For the past two years I was the lab assistant for the “Information Systems Design and Implementation — Programming in Java” course, taught by my PhD supervisor Prof. Diomidis Spinellis at the Athens University of Economics and Business. To make the lesson more interesting and give an extra motivation to the students, me, Vassilios Karakoidas and Diomidis decided to distribute e-tokens to the students that actively participated. In return, the students were offered the possibility to better their grades by the end of the semester. In this post I will describe how we did this and I will provide some initial results based on the students feedback.
First, we automatically created a large number of tokens by using a universally unique identifier (UUID) algorithm. Every e-token consisted of 32 digits (numbers and letters) and it was printed in a small paper. Before every session, we took with us at least fifty tokens. In order to receive a token during the lesson, a student could either answer a question or ask one of his own. We urged them to do this regardless of the correctness of the answer or the importance of the question. In a similar way, a student could receive a token if he or she answered another student’s question. In this way we prompted students to start a debate on an issue, thus making the course more vivid and interesting. According to his or her participation, a student could get more than one token per lecture.
After the lesson, students could visit a specific web page and submit their token number together with their registration number. Upon this action, the database was updated on the server side. This database contained information about the students and how many tokens each had submitted. By the end of the semester the student with the most tokens received a bonus grade equal to one (in a scale from 0 to 10 where 5 is a pass). As for the remaining students, they would be granted with a bonus grade, proportional to their number of tokens. In particular, if n was the number of the most tokens received by a student, a student with m tokens (where m < n) would receive a grade g where: g = m/n.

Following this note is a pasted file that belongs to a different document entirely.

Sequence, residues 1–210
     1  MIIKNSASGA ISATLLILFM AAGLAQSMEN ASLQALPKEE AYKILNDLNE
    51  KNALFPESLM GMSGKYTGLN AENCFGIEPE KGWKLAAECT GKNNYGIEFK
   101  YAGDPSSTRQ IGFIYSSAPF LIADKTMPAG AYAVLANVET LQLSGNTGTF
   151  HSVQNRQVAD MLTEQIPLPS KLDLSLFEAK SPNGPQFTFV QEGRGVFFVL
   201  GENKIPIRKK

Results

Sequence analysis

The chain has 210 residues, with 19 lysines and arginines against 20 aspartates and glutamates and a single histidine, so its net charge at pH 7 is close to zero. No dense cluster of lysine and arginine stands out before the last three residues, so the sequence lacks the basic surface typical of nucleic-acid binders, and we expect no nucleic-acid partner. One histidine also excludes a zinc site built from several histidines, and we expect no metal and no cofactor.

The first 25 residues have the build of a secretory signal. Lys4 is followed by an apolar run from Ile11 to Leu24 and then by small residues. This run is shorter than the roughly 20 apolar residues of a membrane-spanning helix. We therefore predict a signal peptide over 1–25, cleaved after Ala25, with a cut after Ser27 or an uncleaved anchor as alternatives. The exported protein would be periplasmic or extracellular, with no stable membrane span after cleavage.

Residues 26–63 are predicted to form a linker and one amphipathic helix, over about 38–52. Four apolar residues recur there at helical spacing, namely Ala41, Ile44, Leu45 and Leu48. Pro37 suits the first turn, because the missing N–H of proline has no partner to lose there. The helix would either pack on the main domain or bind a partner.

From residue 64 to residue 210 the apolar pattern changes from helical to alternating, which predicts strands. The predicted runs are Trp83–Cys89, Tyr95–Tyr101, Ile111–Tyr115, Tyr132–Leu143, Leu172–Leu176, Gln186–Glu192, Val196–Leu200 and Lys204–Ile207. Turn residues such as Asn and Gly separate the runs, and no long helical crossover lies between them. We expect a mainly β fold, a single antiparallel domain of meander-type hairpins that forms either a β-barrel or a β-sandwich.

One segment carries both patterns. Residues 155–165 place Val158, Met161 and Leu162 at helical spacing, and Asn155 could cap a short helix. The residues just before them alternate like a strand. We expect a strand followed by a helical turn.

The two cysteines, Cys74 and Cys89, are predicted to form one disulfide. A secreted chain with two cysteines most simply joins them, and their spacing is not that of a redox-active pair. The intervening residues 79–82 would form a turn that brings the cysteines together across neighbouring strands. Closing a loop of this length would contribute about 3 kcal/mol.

After the exams, we prompted the students to answer a questionnaire concerning the e-tokens. In particular, for statements like the following: “I participated in the course because I considered the e-token activity really interesting” and “I participated in the course because the e-token activity urged me to”, students could pick a graded response: 1) I completely disagree, 2) I disagree, 3) cannot say, 4) I agree, 5) I absolutely agree. There were also some generic statements like the following: “I would recommend the course to other students”. Together with the answers, we also asked for the students’ grade.
In total, 204 students filled out the questionnaire. The results gathered gave us the opportunity to study (with the help of Panagiotis Zaharias) the effectiveness and acceptance of new methods and techniques that can help to improve the educational process. Our initial results indicate that these e-tokens seem to attract students to participate, making the lesson more interesting and intriguing to them. In addition, we answered the following questions:
– Are there any differences between those who took the token and those who did not regarding the learning effectiveness (measured by the final mark)?
Yes, students who took tokens received higher marks thus showing significant higher learning effectiveness. Learning effectiveness: (t=-4.505, p<.001, M(token) = 91.37±16.58 M(no_token) = 75.0 ±28.44).
– Are there any differences between those who took the token and those who did not regarding students’ satisfaction?
Yes, students who took tokens reported greater levels of satisfaction. Satisfaction: (t=-2.463, p=.015, M(token) = 4.17±0.698 M(no_token) = 3.91 ±0.726).
Our data is available upon request. Any suggestions to improve the process are welcome! You can also share similar experiences if you have.